First call the following day was Oscar, whom I’ve never met. In fact, I have not seen his mother in thirty years. Since he was already in Venice, I asked him to meet me at one of my favorite restaurants, Gjelina on Abbot Kinney. My husband Michael agreed to join us. Oscar, looking lost and forlorn, told us he had planned to take his now ex-girlfriend to Valentine’s dinner here at this same restaurant the following night. We offered our home to Oscar for the rest of his vacation. I didn’t think we would be too intriguing, but later that day he told me that eating lunch with us was the most fun he had had so far in Los Angeles. And when he told us he was a chef, I nearly screamed. Actually, I did, but only internally.
My daughter has the kind of relationship with her grandmother that I envy. I have only one memory of my maternal grandmother; she’s lying in a hospital looking small and old offering me Schrafft’s sourballs out of their clear glass jar. At 55, after birthing 13 children, she died of breast cancer. My paternal grandmother lived with us for a year when I was a girl so I have more memories of her. In each one she is wearing black from head to toe and in all of them, clutching her rosary beads.
Besides the black outfit and the constant Hail Mary’s, I remember my mother describing her as “straight off the boat.” (From Ireland) I also remember the nasty “game” my sisters and I played on her the year she lived with us. We would steal her eyeglasses, hide them and then collect a dollar from her for finding them. That’s it, my pocket full of grandma memories.
My daughter, Siena, though, has a grandmother who, at 93, is very much alive and kicking…and getting awards! Lucky girl, not everyone gets to have the famous recipient of the James Beard Lifetime Achievement award, Cecilia Chiang, for a granny. More of a rock star, Cecilia was never the kind of grandmother who knit booties or baked cookies. She gave gifts of green jade and cooked dim sum!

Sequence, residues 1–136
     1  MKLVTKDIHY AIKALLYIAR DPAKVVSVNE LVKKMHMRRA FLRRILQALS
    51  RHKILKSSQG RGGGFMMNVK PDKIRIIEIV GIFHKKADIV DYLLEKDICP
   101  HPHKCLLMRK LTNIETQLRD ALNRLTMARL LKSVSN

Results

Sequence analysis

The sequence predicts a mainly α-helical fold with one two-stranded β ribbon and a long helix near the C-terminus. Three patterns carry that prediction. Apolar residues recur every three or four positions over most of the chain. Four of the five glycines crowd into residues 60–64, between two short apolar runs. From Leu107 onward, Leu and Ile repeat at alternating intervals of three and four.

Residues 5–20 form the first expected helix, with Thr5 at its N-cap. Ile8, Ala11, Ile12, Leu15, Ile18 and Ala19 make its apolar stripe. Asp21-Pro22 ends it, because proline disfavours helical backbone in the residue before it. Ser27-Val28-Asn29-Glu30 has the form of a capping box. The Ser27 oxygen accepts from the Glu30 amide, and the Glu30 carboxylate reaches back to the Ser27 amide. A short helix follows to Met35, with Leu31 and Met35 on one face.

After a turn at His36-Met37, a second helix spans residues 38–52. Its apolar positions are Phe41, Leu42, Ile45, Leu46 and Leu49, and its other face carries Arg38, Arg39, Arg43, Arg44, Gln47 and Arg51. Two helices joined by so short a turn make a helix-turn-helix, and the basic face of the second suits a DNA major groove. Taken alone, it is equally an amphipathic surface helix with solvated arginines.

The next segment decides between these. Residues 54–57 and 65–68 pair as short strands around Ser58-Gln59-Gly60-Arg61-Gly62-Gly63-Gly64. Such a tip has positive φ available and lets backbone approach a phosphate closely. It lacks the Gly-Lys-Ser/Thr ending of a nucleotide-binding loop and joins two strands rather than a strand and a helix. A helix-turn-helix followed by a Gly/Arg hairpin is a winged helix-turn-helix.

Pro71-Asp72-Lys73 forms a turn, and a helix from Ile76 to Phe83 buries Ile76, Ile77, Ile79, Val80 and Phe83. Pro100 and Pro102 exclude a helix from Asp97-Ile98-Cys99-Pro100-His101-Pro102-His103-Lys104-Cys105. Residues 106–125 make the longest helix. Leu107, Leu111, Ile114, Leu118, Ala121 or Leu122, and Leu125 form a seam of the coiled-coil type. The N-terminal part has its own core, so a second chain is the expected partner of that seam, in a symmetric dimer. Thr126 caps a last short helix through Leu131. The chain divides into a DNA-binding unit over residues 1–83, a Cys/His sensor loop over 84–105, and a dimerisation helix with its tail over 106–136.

And I was never the daughter-in-law she could relate to. Back tracking a bit here let me say I’ve had three mother-in-laws and all three have been pretty much the same person only with different cultural backgrounds. A coincidence? In therapy it’s called a pattern!
Millions of people all over the world will open a restaurant menu
today. They will look at menus for the food and the price and make their
selection, then the menu will lay on the table, ignored, an annoyance
taking up elbow space.
Not so for Jim Heinmann, whose new book Menu Design in America: 1850-1985 (Taschen) asks that you set aside the hunger pangs and examine the menu, admire its design. Heimann’s book made its appearance at one of the best-catered signings in recent history. Delicacies and drinks provided by Taschen’s Beverly Hills store’s glamorous neighbors: Mr. Chow, Spago, The Cheese Story Beverly Hills, Vosges Haut Chocolate, The Spare Room and Remy U.S.A.